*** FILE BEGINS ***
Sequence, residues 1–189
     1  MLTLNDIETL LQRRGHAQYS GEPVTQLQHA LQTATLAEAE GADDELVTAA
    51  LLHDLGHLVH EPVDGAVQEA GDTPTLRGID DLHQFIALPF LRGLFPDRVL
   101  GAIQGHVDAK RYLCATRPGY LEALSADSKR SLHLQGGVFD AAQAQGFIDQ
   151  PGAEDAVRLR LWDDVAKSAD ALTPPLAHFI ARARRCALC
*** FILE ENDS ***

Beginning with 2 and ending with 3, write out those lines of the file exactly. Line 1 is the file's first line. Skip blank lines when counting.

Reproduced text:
     1  MLTLNDIETL LQRRGHAQYS GEPVTQLQHA LQTATLAEAE GADDELVTAA
    51  LLHDLGHLVH EPVDGAVQEA GDTPTLRGID DLHQFIALPF LRGLFPDRVL